Along the way, she discovers more about herself and the world she lives in.  We also get a beautifully told female/female relationship that doesn’t feel forced, nor is it just there.  It provides support and stability for Lai when the rest of her life is in turmoil.

Since this is a novella, I don’t want to give away too much, so I’ll stop here.  But know that I loved this piece, and can’t wait to see what else the Novella Initiate has to offer us.

Summary:

Sometimes failure is just the beginning

All Lai has ever wanted is to become a priestess, like her mother and grandmother before her, in service to their beloved goddess. That’s before the unthinkable happens, and Lai fails the trials she has trained for her entire life. She makes the only choice she believes she can: she runs away.

From her isolated desert homeland, Lai rides north to the colder, stranger kingdom of Alanum—a land where magic, and female warriors, are not commonplace.

Here, she hears tales about a mountain city of women guardians and steel forgers, worshiping goddesses who sound very similar to Lai’s own. Determined to learn more about these women, these Keepers of the Dawn, Lai travels onward to find their temple. She is determined to make up for her past failure, and will do whatever it takes to join their sacred order.

Falling in love with another initiate was not part of the plan.

Keeper of the Dawn is a tale of new beginnings, second chances, and the endurance of hope.

Book Review: Frostblood by Elly Blake

Frostblood (Frostblood Saga, #1)

Hardcover, 376 pages

Published January 10th 2017 by Little, Brown Books for Young Readers
I’m happy to share that I finally had the opportunity to read this gripping fantasy.  There were parts that reminded me of Red Queen by Victoria Aveyard, but Elly Blake was able to give us a wonderful story that unfolded into something that, while maybe not the most original, was definitely a fun read.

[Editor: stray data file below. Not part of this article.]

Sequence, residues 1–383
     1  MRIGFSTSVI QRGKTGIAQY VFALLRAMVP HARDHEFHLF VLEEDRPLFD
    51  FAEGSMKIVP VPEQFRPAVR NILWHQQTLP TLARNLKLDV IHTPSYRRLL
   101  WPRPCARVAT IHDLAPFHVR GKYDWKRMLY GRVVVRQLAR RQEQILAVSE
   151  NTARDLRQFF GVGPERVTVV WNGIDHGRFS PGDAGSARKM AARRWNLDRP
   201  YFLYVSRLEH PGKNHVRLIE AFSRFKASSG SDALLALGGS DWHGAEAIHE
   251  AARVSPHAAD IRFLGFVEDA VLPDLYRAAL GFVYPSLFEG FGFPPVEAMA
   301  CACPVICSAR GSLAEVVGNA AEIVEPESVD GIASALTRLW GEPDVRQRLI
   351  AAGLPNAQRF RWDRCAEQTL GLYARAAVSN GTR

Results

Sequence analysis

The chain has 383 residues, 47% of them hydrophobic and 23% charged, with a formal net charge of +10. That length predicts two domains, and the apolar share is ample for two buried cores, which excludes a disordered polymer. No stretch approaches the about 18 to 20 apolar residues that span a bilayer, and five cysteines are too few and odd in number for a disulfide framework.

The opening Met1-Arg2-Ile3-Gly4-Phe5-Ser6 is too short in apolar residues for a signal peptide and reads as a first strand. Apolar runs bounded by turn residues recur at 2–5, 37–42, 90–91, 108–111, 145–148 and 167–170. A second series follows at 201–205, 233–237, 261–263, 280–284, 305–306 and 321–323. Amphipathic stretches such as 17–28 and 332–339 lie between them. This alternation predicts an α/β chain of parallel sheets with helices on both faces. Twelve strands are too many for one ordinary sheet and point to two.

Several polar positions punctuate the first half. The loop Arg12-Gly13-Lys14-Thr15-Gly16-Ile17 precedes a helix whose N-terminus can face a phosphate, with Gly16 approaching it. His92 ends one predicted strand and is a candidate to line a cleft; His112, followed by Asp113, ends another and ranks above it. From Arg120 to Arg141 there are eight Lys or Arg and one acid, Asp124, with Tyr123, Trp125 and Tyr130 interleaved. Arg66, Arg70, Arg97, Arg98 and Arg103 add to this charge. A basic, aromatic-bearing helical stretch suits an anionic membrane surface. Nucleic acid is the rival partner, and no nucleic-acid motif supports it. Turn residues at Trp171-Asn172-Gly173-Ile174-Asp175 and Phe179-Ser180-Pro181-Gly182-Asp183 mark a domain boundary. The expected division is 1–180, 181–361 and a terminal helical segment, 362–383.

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Waiting on Wednesday: Dream Magic by Joshua Khan

Dream Magic (Shadow Magic, #2)

DREAM MAGIC, A SHADOW MAGIC NOVEL

by Joshua Khan

Disney-Hyperion | On Sale April 11, 2017

Hardcover ISBN: 9781484737620 | $16.99 | $17.99 Can. | 352 pages | Ages 8-12

Ebook ISBN: 9781368002462

Even though I loved Shadow Magic and was intrigued by this cover, my fear of spiders almost stopped me from reading this amazing story.  But I’m glad I chanced the nightmares, which I didn’t have thankfully, because this book was just as good as the first one.  The crystalline spiders were indeed quite creepy, but they totally fit with the story and I loved that they were so integral to the plot as they added a sense of urgency to the characters.  I liked them so much that I drew up some of my own to share 🙂

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#RETELLINGSRC2017 Book Review: Uprooted by Naomi Novik

Uprooted

Hardcover, 435 pages
Published May 19th 2015 by Del Rey
Finally, I was able to make time to read this book!  I have heard so many good things, and it’s been sitting on my shelf since I heard about it at ALAMW15.  I’m so glad I had the “excuse” of choosing this title for the Retellings Reading Challenge 🙂
The story and characters were riveting, and I found myself unable to set it down for very long.  I especially loved that the Woods had their own personality, which lent to giving the whole story a thrilling and darker aspect.  This is a retelling/reinterpretation of the Beauty and the Beast story, and there are hints and throwbacks throughout the story to give you the sense of the original, but this story’s main feature is all its own.
As this is a standalone, you can expect to read a full story that wraps up almost all the loose strands by the final page.  Characters develop and grow throughout, and you get to see a good chunk of this fictional world as the story unravels.  In a book world that features series quite heavily (and I adore that and seek them out), it was nice to have a contained story that didn’t rely on additional materials.
There were a few things that I found disappointing like the distinct lack of actual dragons, and the ending didn’t seem to have enough explanation throughout the first part of the book.  It needed a bit more development and lore to seem more believable.  But overall, this is a very solid example of an author taking a familiar story and putting their own twist on it, successfully.